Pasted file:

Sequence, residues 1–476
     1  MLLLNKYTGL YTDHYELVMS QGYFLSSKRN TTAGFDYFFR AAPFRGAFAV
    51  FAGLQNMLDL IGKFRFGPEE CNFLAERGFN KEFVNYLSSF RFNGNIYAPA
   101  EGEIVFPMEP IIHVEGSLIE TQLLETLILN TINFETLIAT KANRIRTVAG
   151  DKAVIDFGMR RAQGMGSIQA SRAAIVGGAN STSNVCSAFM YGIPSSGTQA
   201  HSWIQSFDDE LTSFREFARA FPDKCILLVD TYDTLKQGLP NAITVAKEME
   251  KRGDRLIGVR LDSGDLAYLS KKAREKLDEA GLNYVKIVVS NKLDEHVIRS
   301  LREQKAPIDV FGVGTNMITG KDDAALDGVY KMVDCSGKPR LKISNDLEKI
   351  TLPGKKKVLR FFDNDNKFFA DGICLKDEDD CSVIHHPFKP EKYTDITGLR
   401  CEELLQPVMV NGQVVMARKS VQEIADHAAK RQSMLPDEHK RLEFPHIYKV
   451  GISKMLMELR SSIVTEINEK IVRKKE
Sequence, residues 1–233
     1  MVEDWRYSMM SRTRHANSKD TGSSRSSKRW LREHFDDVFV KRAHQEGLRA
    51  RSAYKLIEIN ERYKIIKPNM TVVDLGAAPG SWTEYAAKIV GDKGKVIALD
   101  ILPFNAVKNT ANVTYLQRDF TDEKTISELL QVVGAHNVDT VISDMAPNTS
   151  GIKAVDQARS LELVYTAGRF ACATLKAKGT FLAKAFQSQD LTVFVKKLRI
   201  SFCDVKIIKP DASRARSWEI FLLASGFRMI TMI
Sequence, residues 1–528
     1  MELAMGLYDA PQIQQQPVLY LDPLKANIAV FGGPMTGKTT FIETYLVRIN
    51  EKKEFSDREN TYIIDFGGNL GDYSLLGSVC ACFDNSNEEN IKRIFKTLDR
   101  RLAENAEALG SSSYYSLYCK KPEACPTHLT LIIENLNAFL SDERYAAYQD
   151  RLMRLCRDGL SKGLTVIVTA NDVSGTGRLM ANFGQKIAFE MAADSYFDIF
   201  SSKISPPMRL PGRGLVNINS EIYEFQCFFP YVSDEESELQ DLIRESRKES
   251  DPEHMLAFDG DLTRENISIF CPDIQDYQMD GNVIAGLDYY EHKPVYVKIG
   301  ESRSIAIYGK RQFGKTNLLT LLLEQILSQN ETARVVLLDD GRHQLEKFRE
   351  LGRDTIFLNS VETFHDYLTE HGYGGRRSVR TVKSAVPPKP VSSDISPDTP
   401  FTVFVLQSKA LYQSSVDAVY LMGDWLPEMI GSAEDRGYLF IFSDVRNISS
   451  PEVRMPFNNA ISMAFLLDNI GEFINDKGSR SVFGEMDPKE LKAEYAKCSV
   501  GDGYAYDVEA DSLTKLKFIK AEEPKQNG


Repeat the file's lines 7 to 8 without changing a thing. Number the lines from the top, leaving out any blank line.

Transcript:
   251  KRGDRLIGVR LDSGDLAYLS KKAREKLDEA GLNYVKIVVS NKLDEHVIRS
   301  LREQKAPIDV FGVGTNMITG KDDAALDGVY KMVDCSGKPR LKISNDLEKI